In addition to Newton's laws there is a further constraint on the fluid motion: conservation of mass. Consider a fixed fluid volume as illustrated in Fig. 6.4. The volume has dimensions (Sx, Sy, Sz). The mass of the fluid occupying this volume, p Sx Sy Sz, may change with time if p does so. However, mass continuity tells us that this can only

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(x - j Sx, y - j Sy, z - -g- Szj (x + -g- Sx, y - -g- Sy, z - g- Szj

FIGURE 6.4. The mass of fluid contained in the fixed volume, pSx Sy Sz, can be changed by fluxes of mass out of and into the volume, as marked by the arrows.

(x - j Sx, y - j Sy, z - -g- Szj (x + -g- Sx, y - -g- Sy, z - g- Szj

FIGURE 6.4. The mass of fluid contained in the fixed volume, pSx Sy Sz, can be changed by fluxes of mass out of and into the volume, as marked by the arrows.

3It might appear from Eq. 6-7c that \Dw/Dt\ << g is a sufficient condition for the neglect of the acceleration term. This indeed is almost always satisfied. However, for hydrostatic balance to hold to sufficient accuracy to be useful, the condition is actually \Dw/Dt\ <<gAp/p, where Ap is a typical density variation on a pressure surface. Even in quite extreme conditions this more restrictive condition turns out to be very well satisfied.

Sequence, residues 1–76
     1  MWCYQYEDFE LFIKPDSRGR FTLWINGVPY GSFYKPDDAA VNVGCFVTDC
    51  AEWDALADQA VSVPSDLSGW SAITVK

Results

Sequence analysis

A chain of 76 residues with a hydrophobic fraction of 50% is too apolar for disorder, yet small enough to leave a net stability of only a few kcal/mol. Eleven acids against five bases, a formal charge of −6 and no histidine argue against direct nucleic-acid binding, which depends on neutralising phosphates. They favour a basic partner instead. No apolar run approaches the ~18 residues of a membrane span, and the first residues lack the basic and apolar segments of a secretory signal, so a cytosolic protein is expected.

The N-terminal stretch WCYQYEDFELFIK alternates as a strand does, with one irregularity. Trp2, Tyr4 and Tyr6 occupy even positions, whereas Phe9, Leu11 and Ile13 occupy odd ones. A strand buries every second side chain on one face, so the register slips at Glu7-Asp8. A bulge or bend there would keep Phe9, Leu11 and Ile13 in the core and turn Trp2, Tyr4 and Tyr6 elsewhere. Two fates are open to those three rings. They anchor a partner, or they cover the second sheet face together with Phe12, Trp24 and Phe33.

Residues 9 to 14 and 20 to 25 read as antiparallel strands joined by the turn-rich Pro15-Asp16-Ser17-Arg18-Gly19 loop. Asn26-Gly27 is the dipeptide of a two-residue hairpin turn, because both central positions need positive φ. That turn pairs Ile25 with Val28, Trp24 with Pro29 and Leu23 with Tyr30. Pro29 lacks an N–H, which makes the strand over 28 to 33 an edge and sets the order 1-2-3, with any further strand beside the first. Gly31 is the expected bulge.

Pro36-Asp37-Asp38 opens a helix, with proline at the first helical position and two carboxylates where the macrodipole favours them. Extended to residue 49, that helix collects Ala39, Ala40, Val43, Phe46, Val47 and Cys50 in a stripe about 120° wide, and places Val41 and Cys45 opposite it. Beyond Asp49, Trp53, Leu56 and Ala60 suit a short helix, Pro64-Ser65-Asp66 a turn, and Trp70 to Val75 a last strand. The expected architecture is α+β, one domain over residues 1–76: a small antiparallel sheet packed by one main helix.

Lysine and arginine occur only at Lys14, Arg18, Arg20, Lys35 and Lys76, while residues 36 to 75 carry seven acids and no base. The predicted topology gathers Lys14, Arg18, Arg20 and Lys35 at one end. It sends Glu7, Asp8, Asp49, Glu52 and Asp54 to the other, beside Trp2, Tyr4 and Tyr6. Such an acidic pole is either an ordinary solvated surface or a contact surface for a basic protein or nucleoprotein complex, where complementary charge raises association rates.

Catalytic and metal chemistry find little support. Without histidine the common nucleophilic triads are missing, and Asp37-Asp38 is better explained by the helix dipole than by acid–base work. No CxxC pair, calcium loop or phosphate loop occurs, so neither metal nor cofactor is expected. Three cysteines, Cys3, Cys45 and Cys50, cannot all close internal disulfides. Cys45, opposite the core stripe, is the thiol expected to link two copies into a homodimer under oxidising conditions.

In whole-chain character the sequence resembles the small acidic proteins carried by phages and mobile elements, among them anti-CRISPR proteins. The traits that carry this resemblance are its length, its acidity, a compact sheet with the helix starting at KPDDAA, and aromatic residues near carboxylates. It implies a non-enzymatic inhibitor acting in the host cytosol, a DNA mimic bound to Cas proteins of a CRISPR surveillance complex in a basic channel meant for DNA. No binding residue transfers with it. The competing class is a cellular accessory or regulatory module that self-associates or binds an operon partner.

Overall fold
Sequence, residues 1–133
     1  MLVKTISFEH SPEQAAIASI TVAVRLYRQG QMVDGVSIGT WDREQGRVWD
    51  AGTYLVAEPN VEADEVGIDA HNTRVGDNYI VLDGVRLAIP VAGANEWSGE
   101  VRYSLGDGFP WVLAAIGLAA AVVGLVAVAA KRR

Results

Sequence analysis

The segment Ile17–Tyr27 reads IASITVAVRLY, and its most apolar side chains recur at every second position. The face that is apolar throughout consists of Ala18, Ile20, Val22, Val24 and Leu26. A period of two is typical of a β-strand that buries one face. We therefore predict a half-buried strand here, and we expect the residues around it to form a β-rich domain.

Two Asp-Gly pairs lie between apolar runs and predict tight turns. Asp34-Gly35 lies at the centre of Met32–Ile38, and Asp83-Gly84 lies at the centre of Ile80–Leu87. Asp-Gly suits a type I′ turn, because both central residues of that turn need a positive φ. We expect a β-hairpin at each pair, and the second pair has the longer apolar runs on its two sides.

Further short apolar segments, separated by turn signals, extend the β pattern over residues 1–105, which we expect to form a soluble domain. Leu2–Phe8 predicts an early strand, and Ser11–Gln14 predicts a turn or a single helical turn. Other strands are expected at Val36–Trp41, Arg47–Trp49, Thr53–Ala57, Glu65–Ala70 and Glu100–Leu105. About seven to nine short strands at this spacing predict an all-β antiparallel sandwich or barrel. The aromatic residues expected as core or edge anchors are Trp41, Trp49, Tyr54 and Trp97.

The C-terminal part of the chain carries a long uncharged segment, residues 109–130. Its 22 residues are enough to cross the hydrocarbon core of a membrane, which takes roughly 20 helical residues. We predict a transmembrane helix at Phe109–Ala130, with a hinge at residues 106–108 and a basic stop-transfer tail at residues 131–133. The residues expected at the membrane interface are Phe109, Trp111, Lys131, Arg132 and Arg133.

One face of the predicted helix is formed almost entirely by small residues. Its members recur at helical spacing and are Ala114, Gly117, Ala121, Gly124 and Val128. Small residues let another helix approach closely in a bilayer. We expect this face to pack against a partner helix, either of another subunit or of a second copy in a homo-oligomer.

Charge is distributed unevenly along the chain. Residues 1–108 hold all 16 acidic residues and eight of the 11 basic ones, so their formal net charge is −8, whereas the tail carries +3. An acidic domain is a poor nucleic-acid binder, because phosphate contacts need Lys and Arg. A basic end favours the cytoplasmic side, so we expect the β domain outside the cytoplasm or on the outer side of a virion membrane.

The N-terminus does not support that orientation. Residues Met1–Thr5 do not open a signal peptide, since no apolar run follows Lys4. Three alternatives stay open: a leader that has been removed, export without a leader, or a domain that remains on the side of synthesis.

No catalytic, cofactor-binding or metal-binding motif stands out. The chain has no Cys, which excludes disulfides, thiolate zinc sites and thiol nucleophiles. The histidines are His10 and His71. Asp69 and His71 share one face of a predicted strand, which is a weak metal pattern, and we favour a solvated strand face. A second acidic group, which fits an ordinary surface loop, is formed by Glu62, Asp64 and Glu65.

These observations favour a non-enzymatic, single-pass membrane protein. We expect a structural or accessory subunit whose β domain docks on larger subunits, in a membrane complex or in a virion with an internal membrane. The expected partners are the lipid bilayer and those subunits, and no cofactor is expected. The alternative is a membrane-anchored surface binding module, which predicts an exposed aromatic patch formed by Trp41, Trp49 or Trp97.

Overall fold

occur if there is a flux of mass into (or out of) the volume, meaning that dt (p Sx Sy Sz) = dp Sx Sy Sz = (net mass flux into the volume).

Now the volume flux in the x-direction per unit time into the left face in Fig. 6.4 is u (x - 1/2 Sx, y, z) Sy Sz, so the corresponding mass flux is [pu] (x - 1/2 Sx, y, z) Sy Sz, where [pu] is evaluated at the left face. The flux out through the right face is [pu] (x + 1/2 Sx, y, z) Sy Sz; therefore the net mass import in the x-direction into the volume is (again employing a Taylor expansion)

Similarly the rate of net import of mass in the y-direction is d

Therefore the net mass flux into the volume is -V ■ (pu) Sx Sy Sz. Thus our equation of continuity becomes dp

This has the general form of a physical conservation law:

d Concentration dt

in the absence of sources and sinks.

Using the total derivative D/Dt, Eq. 6-1, and noting that V ■ (pu) = pV- u + u-Vp (see the vector identities listed in Appendix A.2.2) we may therefore rewrite Eq. 6-9 in the alternative, and often very useful, form:

6.3.1. Incompressible flow

For incompressible flow (e.g., for a liquid such as water in our laboratory tank or in the ocean), the following simplified approximate form of the continuity equation almost always suffices:

dx dy dz

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